Quantum Fuzz

The Strange True Makeup of Everything Around Us

Author: Michael S. Walker

Publisher: Prometheus Books

ISBN: 163388239X

Category: Quantum theory

Page: 448

View: 2857

"A lucid introduction to the basics of quantum physics for the lay reader, showing how much the scientific understanding of reality has changed in the last century and how important this science is to technology, the economy, and modern life"--

From Classical to Quantum Fields

Author: Laurent Baulieu,John Iliopoulos,Roland Seneor,Roland Sénéor

Publisher: Oxford University Press

ISBN: 0198788398

Category: Science

Page: 931

View: 1950

Quantum Field Theory has become the universal language of most modern theoretical physics. This introductory textbook shows how this beautiful theory offers the correct mathematical framework to describe and understand the fundamental interactions of elementary particles. The book begins with a brief reminder of basic classical field theories, electrodynamics and general relativity, as well as their symmetry properties, and proceeds with the principles of quantisation following Feynman's path integral approach. Special care is used at every step to illustrate the correct mathematical formulation of the underlying assumptions. Gauge theories and the problems encountered in their quantisation are discussed in detail. The last chapters contain a full description of the Standard Model of particle physics and the attempts to go beyond it, such as grand unified theories and supersymmetry. Written for advanced undergraduate and beginning graduate students in physics and mathematics, the book could also serve as a reference for active researchers in the field.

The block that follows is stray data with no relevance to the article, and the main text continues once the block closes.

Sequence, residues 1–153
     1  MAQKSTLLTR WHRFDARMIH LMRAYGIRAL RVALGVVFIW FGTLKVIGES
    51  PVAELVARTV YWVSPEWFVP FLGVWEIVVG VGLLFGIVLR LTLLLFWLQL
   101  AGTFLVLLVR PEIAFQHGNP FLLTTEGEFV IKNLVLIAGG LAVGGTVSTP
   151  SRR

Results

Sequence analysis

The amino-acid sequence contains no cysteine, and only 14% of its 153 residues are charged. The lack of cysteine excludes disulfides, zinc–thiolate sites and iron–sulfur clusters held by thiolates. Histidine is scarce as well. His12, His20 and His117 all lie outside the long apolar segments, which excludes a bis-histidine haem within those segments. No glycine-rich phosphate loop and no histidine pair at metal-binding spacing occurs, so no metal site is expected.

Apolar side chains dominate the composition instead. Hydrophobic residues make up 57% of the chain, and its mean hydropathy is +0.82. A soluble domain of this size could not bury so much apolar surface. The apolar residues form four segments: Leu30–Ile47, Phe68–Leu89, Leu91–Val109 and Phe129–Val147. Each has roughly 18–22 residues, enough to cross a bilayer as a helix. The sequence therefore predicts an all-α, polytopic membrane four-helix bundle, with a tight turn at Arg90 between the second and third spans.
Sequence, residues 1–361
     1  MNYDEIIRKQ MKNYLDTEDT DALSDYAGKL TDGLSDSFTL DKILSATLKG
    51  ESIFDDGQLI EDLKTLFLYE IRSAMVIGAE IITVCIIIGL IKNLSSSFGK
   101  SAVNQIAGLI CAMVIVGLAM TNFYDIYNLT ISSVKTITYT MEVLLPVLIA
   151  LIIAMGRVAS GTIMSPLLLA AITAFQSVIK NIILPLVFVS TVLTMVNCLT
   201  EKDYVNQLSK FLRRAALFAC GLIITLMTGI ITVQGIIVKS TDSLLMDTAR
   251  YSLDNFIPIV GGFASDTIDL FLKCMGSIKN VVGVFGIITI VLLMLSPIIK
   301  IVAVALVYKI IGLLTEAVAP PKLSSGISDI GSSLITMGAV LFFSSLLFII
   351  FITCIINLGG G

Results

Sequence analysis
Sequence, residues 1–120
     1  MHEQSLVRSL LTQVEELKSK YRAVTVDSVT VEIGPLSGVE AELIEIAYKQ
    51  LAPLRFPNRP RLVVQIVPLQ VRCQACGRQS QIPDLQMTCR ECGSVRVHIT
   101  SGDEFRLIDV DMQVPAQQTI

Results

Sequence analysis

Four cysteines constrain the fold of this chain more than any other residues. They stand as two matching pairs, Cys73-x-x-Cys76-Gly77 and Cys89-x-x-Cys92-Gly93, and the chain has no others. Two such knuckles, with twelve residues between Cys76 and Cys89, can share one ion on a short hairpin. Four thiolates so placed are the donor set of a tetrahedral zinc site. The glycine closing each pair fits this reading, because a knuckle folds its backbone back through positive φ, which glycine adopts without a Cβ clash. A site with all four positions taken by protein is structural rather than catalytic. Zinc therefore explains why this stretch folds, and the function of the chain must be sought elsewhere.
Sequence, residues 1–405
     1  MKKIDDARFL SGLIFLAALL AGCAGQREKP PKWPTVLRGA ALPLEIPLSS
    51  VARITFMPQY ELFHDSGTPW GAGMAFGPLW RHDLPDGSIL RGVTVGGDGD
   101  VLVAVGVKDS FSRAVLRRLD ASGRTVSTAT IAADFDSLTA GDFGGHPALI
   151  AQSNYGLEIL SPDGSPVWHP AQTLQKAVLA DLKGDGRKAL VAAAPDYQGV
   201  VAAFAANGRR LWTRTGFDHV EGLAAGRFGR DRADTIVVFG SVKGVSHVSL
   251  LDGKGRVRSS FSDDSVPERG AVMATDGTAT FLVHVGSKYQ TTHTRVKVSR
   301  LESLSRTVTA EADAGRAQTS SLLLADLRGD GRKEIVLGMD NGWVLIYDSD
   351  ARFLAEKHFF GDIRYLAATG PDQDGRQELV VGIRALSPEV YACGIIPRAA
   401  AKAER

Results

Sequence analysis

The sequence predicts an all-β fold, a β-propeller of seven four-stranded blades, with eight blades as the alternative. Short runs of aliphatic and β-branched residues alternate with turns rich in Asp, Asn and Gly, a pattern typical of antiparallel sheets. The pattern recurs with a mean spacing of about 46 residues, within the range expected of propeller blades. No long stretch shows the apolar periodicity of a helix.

Einstein and the Quantum

The Quest of the Valiant Swabian

Author: A. Douglas Stone

Publisher: N.A

ISBN: 9780691168562

Category: Science

Page: 332

View: 9896

Einstein and the Quantum reveals for the first time the full significance of Albert Einstein's contributions to quantum theory. Einstein famously rejected quantum mechanics, observing that God does not play dice. But, in fact, he thought more about the nature of atoms, molecules, and the emission and absorption of light--the core of what we now know as quantum theory--than he did about relativity. A compelling blend of physics, biography, and the history of science, Einstein and the Quantum shares the untold story of how Einstein--not Max Planck or Niels Bohr--was the driving force behind early quantum theory. It paints a vivid portrait of the iconic physicist as he grappled with the apparently contradictory nature of the atomic world, in which its invisible constituents defy the categories of classical physics, behaving simultaneously as both particle and wave. And it demonstrates how Einstein's later work on the emission and absorption of light, and on atomic gases, led directly to Erwin Schr�dinger's breakthrough to the modern form of quantum mechanics. The book sheds light on why Einstein ultimately renounced his own brilliant work on quantum theory, due to his deep belief in science as something objective and eternal.

Quantum Mechanics (A Ladybird Expert Book)

Author: Jim Al-Khalili

Publisher: Penguin UK

ISBN: 1405929448

Category: Science

Page: 56

View: 7419

Part of the new Ladybird Expert series, Quantum Mechanics is a clear, simple and entertaining introduction to the weird, mind-bending world of the very, very small. Written by physicist and broadcaster Professor Jim Al-Khalili, it explores all the key players, breakthroughs, controversies and unanswered questions of the quantum world. You'll discover how the sun shines, why light is both a wave and a particle, the certainty of the Uncertainty Principle, Schrodinger's Cat, Einstein's spooky action, how to build a quantum computer, and why quantum mechanics drives even its experts completely crazy. 'Jim Al-Khalili has done an admirable job of condensing the ideas of quantum physics from Max Planck to the possibilities of quantum computers into brisk, straightforward English' The Times Written by the leading lights and most outstanding communicators in their fields, the Ladybird Expert books provide clear, accessible and authoritative introductions to subjects drawn from science, history and culture. Other books currently available in the Ladybird Expert series include: · Climate Change · Evolution For an adult readership, the Ladybird Expert series is produced in the same iconic small format pioneered by the original Ladybirds. Each beautifully illustrated book features the first new illustrations produced in the original Ladybird style for nearly forty years.